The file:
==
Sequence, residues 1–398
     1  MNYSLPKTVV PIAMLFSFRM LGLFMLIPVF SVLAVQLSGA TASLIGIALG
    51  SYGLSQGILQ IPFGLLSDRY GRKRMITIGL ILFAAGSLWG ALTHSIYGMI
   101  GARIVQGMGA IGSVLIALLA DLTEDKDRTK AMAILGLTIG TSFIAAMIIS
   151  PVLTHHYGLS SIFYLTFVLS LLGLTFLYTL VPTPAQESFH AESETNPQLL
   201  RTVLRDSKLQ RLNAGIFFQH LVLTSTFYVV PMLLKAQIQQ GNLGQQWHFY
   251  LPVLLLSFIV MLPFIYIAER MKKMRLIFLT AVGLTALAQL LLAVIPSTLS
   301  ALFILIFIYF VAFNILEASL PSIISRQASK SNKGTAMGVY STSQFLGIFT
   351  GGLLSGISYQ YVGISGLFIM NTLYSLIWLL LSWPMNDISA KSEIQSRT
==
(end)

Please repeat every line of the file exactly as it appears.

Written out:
Sequence, residues 1–398
     1  MNYSLPKTVV PIAMLFSFRM LGLFMLIPVF SVLAVQLSGA TASLIGIALG
    51  SYGLSQGILQ IPFGLLSDRY GRKRMITIGL ILFAAGSLWG ALTHSIYGMI
   101  GARIVQGMGA IGSVLIALLA DLTEDKDRTK AMAILGLTIG TSFIAAMIIS
   151  PVLTHHYGLS SIFYLTFVLS LLGLTFLYTL VPTPAQESFH AESETNPQLL
   201  RTVLRDSKLQ RLNAGIFFQH LVLTSTFYVV PMLLKAQIQQ GNLGQQWHFY
   251  LPVLLLSFIV MLPFIYIAER MKKMRLIFLT AVGLTALAQL LLAVIPSTLS
   301  ALFILIFIYF VAFNILEASL PSIISRQASK SNKGTAMGVY STSQFLGIFT
   351  GGLLSGISYQ YVGISGLFIM NTLYSLIWLL LSWPMNDISA KSEIQSRT